My deep thanks to you and everyone who contributed so much for this beautiful dedication to love and life. It may have taken a long time to come to fruition, but I guess that makes it all the more sweet. It is always an amazement to me to see that the world is such a small place, with ties that connect us all, tenuous as they may be, surviving through space and time. I shall be forwarding the link to your article to friends and family. The world needs to know such history more than ever before.
— Asad Niazi
Asst. Professor of Physics
Jamia Millia Islamia, New Delhi

A great read!
— Joseph Martin @RandomJetship, tweeting for @APSHistory, via Twitter

I have followed this page with great interest. Gene Dannen’s deeply insightful and engaging writing on Gerda Philipsborn is exemplary. Even though his primary research interest is Leo Szilard and science, Dannen’s attention to Szilard’s love interest Gerda Philipsborn’s life and family history is a case of meticulous research and writing. This is also a wonderful example of using micro history of an individual and family to write about Global history. There is much to learn from this post about historian’s craft. I have found it deeply insightful for my own research work on Gerda’s educational work at Jamia Millia Islamia, Delhi within global history of knowledge formation. Gene has been extremely generous and kind in sharing his research material and knowledge with the wider audience. For this valuable contribution, many researchers like me remain thankful to him.
— Razak Khan
Research Fellow
Centre for Modern Indian Studies (CeMIS)
Universität Göttingen

...a heartbreaking tale of physics, war and love lost. “A Physicist’s Lost Love: Leo Szilard and Gerda Philipsborn” is a lovely article written by Gene Dannen...
— Hamish Johnston,

Wonderful piece! Szilard remains underappreciated, so it’s a great public service in my opinion.
— Ash Jogalekar @curiouswavefn, via Twitter

Excellent piece!
— Lisa Jardine (1944-2015)
University College London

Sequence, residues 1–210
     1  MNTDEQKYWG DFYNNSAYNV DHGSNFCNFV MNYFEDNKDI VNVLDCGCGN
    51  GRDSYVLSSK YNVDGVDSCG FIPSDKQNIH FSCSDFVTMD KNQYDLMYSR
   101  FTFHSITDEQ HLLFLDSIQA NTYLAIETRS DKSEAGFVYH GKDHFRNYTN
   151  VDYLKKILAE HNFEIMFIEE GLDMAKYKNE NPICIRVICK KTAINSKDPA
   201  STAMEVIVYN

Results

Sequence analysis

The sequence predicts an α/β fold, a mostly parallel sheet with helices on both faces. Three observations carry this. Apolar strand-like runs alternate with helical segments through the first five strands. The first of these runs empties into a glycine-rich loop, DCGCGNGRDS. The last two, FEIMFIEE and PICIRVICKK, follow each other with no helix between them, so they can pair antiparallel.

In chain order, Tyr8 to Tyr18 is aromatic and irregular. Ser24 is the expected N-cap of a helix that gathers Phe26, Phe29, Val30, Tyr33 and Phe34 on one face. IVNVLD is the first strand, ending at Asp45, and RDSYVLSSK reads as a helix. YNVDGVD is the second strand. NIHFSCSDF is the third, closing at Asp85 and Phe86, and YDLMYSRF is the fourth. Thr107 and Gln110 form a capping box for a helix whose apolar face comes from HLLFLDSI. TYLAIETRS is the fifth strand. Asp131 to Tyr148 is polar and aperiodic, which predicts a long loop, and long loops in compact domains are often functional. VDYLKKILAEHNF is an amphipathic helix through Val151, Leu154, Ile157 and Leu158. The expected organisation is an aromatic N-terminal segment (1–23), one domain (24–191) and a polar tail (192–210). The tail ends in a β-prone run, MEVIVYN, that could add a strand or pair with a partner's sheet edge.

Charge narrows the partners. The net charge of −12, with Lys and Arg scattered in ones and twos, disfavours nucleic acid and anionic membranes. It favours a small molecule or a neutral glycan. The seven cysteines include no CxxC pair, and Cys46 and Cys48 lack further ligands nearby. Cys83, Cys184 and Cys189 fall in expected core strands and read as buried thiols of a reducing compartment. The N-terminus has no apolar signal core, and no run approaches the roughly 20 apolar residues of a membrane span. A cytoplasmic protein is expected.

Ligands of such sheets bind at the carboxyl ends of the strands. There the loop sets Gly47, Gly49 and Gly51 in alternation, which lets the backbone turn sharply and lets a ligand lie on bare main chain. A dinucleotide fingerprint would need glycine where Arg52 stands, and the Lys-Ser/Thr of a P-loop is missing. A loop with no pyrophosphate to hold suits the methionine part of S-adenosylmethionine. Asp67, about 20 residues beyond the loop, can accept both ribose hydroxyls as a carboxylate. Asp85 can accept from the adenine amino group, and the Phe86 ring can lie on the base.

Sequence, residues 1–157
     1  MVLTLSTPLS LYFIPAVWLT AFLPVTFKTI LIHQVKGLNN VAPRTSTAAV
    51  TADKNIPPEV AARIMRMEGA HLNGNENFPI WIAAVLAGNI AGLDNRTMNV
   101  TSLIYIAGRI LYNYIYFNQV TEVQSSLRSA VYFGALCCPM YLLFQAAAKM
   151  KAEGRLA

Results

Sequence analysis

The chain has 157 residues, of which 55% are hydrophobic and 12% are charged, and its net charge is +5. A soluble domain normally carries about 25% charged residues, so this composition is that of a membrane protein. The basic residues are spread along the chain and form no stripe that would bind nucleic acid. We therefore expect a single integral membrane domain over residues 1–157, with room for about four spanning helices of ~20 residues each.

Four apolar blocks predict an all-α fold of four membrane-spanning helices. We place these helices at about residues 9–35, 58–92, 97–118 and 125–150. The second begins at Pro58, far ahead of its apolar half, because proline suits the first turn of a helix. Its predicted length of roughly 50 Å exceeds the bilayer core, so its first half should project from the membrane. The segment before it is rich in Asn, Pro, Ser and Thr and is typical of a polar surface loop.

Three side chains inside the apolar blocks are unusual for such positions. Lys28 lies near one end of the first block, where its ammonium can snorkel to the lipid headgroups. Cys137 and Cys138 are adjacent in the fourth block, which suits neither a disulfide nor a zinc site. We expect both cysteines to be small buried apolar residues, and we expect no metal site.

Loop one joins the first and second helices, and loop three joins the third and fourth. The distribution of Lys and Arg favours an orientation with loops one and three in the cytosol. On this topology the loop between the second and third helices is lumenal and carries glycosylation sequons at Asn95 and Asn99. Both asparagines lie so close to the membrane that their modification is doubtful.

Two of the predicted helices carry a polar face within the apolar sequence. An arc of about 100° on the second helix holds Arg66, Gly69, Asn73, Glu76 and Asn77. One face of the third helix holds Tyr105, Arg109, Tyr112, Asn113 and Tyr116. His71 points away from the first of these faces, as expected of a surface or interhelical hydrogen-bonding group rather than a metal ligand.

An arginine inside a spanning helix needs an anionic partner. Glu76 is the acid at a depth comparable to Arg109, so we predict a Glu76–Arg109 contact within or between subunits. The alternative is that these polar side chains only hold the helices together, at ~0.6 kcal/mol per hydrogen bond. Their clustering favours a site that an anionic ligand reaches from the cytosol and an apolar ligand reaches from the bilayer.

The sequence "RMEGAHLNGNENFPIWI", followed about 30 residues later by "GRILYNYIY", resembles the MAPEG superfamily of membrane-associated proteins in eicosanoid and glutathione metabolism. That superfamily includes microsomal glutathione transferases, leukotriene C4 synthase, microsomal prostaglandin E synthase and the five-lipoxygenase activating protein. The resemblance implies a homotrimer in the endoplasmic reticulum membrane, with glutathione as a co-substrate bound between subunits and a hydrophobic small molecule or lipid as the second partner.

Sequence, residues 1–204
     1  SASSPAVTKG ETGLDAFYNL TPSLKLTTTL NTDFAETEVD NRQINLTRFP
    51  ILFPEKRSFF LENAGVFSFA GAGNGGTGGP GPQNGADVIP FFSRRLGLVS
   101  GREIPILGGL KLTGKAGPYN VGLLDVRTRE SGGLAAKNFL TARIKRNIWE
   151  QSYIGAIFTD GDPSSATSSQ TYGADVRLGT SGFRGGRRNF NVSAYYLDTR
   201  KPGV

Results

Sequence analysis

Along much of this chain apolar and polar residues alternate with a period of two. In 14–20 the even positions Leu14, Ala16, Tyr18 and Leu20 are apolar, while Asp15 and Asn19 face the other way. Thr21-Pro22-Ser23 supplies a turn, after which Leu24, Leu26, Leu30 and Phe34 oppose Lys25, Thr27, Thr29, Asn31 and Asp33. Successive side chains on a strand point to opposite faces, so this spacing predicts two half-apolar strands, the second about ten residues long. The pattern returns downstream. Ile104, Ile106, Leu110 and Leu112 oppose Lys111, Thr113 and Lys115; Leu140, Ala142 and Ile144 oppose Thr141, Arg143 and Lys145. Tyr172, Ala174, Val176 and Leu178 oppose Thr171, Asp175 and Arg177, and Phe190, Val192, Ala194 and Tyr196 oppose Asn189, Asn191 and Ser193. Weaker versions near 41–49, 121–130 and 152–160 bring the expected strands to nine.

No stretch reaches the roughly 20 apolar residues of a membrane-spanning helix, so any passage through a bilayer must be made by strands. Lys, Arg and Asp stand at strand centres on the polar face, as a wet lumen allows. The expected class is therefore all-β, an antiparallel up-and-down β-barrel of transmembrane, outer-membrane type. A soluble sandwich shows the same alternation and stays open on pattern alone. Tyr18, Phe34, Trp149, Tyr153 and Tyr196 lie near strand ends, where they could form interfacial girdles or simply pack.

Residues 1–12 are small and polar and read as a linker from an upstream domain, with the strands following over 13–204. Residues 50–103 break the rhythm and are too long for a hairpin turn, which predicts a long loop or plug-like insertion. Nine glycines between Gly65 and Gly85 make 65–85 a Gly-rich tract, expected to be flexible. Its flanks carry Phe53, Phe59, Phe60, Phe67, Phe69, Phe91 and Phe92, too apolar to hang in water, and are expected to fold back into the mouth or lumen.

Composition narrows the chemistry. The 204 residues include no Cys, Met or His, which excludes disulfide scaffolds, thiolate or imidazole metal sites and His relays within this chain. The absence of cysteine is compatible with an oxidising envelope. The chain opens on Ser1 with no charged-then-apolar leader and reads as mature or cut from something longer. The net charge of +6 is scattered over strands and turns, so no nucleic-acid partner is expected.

@ProfLisaJardine, via Twitter

Fascinating stuff. Southampton Row is just around the corner from the @newscientist office. We walk past those lights every day!
— Rowan Hooper @rowhoop, via Twitter

— Ian Glendinning @psybertron, via Twitter

This is an amazing, beautiful story.
— Anna Foote @BeehiveMom, via Twitter

Unexpectedly poignant.
— Jack El-Hai @Jack_ElHai, via Twitter

It’s a wonderful rich piece, great digging and storytelling.
— David Dobbs @David_Dobbs via Twitter

Profound, gripping story of #physicist Szilard’s life, relationships. Great read thank U.
— Karen C. @KarenC39355472, via Twitter

Have just re-read “Lost Love,” and it’s sobering to think that much of the personal detail of this wonderful story would have been lost in time, most likely, if not for your years of dedicated work.
— Bernice Brooks
Assistant to Gerry Brent
Sydney, Australia

For details on Gerda’s life and especially on her relationship with Leo Szilard, please see Gene Dannen’s essential article, “A Physicist’s Lost Love: Leo Szilard and Gerda Philipsborn,” The article is the fruit of many years of relentless researching and is impeccably documented.
— Judith Berlowitz
From the Family Store to the House of Lords: The Jewish Philip(p)sborn Family of Bentschen/Zbaszyn and their Descendants, 2nd Edition

“Forgotten no longer,” indeed! She almost returns to life in Gene Dannen’s impeccably-researched story of her life at Jamia and her influence on the renowned physicist.
— Berju
Online comment to Jamia Journal editorial by Khalid Jaleel, “Here Lies Gerda Philipsborn, Buried and Forgotten.”

Leo Szilard, the physicist who conceived the nuclear chain reaction, kept a small photo of a lost love. The amazing story of Gerda Philipsborn.
— Leo Baeck Institute, New York City, shared via Facebook

I’ve long admired Szilard. What a monumental task you accomplished in tracing these remarkable people — Leo and Gerda. Thank you.
— Suzanne Asher @sashduck, via Twitter

Amazing: Gerda Philipsborn’s (d. 1943) life from Jüdische Volksheim to Jamia Millia Islamia (& a nuclear lovestory)
— Manan Ahmed @sepoy, via Twitter
Asst. Professor of History
Columbia University, New York City